Crippling rates bills helped pull the plug on Kensington Roof Gardens, one of London’s most glamorous party venues, according to Colliers International, the commercial real estate agency and consultancy, and could very well affect other top night spots in the capital too. KRG which hit the news this week when it announced it was closing its doors and making its 85 club and restaurant staff redundant, after 35 years of trading, had been hit by a 47% rise in its Rateable Value following the 2017 Rating Revaluation, making its total business operating costs totally untenable.

The club has seen a rise in Rateable Value from £402,500 in the 2010 list to £590,000 in 2017. In terms of actual rates paid this meant its rates bill would have been over £86,000 higher at £294,410 in 2017/2018 as opposed to £208,092.50 in 2016/17, a rise of over 41%. And these figures were on their way up further, given the Government’s 5 years transition scheme. By 2021/22 Kensington Roof Gardens would have been paying a crippling rates bill of £328,630 a year.

2016/17 Rates Liability

2017/18 Rates Liability

2018/19 Rates Liability

2019/20 Rates Liability

2020/21 Rates Liability

2021/22 Rates Liability







“The dead duck of business rates is seeing off the pink flamingos at Kensington Roof Gardens, like so many other venues in the nightlife sector,” said John Webber Head of Business Rating at Colliers International,  “creating an increasing drain on their operators.”

“Such businesses have been impacted by the rises in rents, by the rise in the NLW and rising prices linked to inflation and are feeling increasingly vulnerable as they struggle to gets costs under control.”

“There has been a lot of comment about how pubs and bars across the country are closing because of onerous business rate rises, but it’s interesting that the high-end London leisure scene is being affected too.”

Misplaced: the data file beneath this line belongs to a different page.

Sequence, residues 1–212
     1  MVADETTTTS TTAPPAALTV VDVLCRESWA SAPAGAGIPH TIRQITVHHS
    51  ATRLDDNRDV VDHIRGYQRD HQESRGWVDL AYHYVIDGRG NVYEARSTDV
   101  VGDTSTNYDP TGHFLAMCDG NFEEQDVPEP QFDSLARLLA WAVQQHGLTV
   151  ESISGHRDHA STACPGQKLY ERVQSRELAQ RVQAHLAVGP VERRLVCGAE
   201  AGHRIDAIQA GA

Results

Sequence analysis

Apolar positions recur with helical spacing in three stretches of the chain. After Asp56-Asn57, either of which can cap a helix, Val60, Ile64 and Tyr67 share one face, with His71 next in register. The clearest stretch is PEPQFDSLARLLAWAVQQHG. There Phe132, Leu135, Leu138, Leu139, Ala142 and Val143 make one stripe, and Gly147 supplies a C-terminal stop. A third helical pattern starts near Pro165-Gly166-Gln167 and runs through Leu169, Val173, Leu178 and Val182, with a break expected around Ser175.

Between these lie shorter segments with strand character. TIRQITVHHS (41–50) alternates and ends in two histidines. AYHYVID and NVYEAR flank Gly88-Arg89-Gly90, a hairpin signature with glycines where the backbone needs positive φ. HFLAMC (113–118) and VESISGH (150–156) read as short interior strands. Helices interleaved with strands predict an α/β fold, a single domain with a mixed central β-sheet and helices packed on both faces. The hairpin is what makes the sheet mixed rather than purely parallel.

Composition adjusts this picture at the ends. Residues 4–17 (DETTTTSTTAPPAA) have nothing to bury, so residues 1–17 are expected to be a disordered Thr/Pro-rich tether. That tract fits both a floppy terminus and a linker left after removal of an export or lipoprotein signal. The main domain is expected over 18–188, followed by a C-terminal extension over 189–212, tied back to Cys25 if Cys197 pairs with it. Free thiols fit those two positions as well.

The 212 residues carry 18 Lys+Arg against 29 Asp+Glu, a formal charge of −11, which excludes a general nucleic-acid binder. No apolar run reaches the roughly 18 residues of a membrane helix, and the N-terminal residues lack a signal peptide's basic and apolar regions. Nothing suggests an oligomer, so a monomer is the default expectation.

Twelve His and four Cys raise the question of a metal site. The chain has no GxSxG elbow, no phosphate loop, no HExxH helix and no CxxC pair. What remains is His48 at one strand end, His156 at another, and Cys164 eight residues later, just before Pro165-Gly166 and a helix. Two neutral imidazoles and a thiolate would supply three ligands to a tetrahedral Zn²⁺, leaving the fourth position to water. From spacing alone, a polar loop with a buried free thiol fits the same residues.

Colliers assessed the business rates of other top London night spots and found clubs are needing to deal with some massive rises, particularly in NW1 and W1. For example:  KOKO in Camden High Street is saw a 236% rise in its rateable value in the 2017 listing, UnderSolo in Inverness Street NW1 a 151% rise and Dirty Bones Soho a 143% rise. Big names such as Café De Paris and Cirque Le Soir are seeing 60% and 50 % rises respectively. (See Appendix below).

In terms of actual rates paid this means KOKO for example will see its rates bill rise from £75,482 a year 2016/2017 to £272,930 a year by 2021/22, an over 260% increase!

“That’s a lot of dancing to cover.” says Webber. " That’s not to say these clubs won’t survive -but it does show what pressure the industry is in at the moment. The Government really must reform the business rates system further to make it fairer for businesses hit by such rises. Merely linking rate rises to CPI as opposed to RPI inflation figures is simply not doing enough. “

Colliers is still campaigning for genuine business rates reform including the need to offer more funding to the Valuation Office Agency (VOA) so it can deal with the estimated 200,000 outstanding business rates appeals in the system.